The Wall Street Journal's David Wessel thinks there are four big economic issues for the next US President:
1. The budget deficit.
2. Health care.
Wessel argues that the issue of globalization can be partially resolved by dealing with the first three issues, particularly health care and inequality:
The solution doesn't lie in tweaking trade laws (though they could use tweaking) or in applying band aids to an archaic, inefficient system of assisting laid-off workers (though that system needs replacing). It probably lies in assuring Americans that they aren't fending for themselves in an increasingly competitive economy -- that their health insurance won't evaporate if they lose a job and that the U.S.'s schools are preparing their children to succeed.
Robert Hormats and Jim O'Neill, vice-chairman and head of global economic research at Goldman Sachs International, add education to Wessel's list. In today's Financial Times, they argue that to cope with a new global economy in which Brazil, Russia, India and China are all increasingly competitive, "the challenge for the next President is to help more Americans derive greater benefits from globalization. Hormats and O'Neill want to see a "robust response" in the development of American intellectual and environmental infrastructure:
A robust response requires vastly improved training and education, especially in mathematics, engineering, physics and science. More than ever this must benefit minorities and immigrants, the fastest-growing portion of the US workforce. Critical also is acceleration of government and private-sector investment in research and development to create competitive new jobs, products and industries. This is especially true in energy, where a variety of new sources and new technologies are urgently needed: such measures can produce increased employment opportunities, reduce oil dependence and the attendant massive outflows of funds, and sharply curb greenhouse gas emissions. The financial system and tax code must encourage greater domestic savings and investment, and channel funds to the most productive sectors.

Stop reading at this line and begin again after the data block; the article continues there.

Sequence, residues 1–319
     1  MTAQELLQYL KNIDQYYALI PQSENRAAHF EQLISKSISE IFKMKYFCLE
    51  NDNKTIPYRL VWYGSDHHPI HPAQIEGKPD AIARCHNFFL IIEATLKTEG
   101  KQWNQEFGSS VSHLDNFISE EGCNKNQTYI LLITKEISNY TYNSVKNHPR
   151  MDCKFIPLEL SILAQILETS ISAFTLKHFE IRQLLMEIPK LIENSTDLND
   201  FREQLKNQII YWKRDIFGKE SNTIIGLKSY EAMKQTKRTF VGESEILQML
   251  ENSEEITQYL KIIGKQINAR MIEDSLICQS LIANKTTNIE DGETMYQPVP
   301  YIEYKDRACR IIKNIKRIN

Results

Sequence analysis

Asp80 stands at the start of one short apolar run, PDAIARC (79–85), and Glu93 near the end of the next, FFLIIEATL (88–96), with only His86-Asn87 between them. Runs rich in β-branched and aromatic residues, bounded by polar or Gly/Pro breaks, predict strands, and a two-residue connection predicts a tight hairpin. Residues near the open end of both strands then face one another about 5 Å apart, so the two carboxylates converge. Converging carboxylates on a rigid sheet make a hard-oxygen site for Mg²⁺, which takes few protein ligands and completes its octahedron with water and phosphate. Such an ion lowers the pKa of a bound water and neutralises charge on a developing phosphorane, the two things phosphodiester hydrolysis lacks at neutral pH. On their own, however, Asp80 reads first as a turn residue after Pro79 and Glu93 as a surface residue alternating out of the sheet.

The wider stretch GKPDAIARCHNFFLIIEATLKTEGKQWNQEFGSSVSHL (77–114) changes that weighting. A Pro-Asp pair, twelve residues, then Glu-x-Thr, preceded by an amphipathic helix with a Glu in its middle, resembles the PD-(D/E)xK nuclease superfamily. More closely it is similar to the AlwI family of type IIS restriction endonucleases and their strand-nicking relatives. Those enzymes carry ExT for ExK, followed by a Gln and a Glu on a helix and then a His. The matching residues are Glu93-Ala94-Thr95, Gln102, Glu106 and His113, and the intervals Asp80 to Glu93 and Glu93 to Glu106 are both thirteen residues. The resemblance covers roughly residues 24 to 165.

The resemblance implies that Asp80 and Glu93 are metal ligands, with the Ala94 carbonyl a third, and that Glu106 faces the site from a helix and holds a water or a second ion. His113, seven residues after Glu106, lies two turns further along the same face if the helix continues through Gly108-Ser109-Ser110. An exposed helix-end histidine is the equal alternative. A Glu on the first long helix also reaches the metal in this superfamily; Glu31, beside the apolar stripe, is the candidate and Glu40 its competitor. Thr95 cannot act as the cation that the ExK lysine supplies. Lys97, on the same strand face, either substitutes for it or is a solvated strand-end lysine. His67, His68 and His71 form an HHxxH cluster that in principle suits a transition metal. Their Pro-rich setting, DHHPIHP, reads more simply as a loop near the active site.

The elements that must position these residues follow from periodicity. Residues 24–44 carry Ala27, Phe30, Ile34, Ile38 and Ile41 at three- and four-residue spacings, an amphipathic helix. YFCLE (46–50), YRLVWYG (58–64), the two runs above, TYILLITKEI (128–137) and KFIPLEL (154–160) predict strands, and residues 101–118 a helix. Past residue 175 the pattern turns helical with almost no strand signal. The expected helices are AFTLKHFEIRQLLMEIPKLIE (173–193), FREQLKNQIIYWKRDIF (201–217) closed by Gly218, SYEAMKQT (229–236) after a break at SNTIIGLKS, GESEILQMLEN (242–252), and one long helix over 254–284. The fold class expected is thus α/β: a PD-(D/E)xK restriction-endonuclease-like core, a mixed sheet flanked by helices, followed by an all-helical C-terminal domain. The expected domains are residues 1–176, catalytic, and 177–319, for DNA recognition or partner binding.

Which of the candidates are best positioned to respond robustly to the cultural and economic perils of globalization? Unfortunately, McCain seems less of a hostage to reactionary economic nationalists than Obama. As Clinton did in 1992, Obama needs to frame a radical centrist message which focuses on rebuilding American intellectual and environmental infrastructure. The children at the Daily Kos and MoveOn.org won't like this message, of course. But unless Obama pursues this innovation friendly strategy, he is likely to be a hostage of economic nationalists when he comes to office. And that would mean globalization continuing to fuel American discontent rather than curing it.